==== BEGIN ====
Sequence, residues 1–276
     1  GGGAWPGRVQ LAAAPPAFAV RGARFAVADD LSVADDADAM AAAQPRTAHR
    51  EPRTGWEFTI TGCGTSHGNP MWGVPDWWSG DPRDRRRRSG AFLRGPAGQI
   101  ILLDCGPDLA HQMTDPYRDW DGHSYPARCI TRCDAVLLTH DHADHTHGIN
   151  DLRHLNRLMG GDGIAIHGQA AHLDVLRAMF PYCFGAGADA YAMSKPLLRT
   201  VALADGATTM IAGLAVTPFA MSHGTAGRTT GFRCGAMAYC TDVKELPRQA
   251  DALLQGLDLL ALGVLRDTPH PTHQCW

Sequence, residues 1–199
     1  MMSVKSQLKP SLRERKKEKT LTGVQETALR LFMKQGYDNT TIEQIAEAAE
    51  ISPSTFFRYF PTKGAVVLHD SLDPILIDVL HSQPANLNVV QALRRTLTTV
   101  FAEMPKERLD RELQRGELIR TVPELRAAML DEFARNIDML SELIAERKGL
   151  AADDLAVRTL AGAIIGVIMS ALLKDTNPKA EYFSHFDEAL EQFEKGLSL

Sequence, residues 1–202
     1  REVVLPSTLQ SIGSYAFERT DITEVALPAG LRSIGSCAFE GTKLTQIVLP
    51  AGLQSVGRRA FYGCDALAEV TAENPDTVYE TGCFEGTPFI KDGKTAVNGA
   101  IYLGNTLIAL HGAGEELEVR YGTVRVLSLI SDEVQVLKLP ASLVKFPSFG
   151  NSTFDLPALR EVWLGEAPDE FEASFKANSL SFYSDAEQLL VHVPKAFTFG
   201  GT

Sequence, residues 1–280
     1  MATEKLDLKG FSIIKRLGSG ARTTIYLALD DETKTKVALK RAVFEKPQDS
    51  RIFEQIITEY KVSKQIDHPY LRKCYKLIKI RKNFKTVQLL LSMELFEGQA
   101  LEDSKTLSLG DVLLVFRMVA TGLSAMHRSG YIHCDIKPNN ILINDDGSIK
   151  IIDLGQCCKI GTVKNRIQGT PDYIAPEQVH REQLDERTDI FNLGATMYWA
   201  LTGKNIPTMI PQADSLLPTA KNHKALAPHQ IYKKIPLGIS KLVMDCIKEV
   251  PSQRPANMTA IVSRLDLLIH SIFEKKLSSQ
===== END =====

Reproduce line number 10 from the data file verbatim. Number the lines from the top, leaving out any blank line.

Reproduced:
    51  ISPSTFFRYF PTKGAVVLHD SLDPILIDVL HSQPANLNVV QALRRTLTTV